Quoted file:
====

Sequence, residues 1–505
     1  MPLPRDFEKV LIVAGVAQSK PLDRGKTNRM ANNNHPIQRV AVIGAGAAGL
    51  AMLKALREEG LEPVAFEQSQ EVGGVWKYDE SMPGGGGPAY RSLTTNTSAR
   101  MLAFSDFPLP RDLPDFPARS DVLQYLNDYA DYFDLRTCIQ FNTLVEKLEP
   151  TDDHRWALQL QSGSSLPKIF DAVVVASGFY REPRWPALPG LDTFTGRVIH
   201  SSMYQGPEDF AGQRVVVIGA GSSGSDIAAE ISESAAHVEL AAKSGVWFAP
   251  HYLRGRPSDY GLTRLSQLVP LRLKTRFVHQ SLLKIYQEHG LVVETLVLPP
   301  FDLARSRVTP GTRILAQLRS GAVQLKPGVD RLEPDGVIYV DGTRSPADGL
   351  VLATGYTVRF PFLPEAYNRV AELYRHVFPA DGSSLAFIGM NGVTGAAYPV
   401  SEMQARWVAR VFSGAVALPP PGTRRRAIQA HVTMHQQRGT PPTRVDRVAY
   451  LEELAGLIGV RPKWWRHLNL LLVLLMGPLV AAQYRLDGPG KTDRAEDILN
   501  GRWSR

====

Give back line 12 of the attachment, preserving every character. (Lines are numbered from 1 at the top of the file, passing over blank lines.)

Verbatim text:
   501  GRWSR